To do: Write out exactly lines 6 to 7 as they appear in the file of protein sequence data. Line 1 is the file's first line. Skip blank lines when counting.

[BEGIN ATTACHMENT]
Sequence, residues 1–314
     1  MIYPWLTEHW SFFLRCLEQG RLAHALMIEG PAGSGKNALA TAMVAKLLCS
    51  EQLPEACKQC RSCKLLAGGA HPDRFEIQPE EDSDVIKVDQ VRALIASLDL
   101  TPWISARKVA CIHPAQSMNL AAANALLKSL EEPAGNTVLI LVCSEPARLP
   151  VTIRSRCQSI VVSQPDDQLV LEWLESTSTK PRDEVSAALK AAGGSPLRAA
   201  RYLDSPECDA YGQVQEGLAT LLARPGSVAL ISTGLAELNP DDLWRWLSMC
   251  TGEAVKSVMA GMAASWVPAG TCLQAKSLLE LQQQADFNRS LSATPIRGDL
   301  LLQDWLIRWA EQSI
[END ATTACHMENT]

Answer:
   201  RYLDSPECDA YGQVQEGLAT LLARPGSVAL ISTGLAELNP DDLWRWLSMC
   251  TGEAVKSVMA GMAASWVPAG TCLQAKSLLE LQQQADFNRS LSATPIRGDL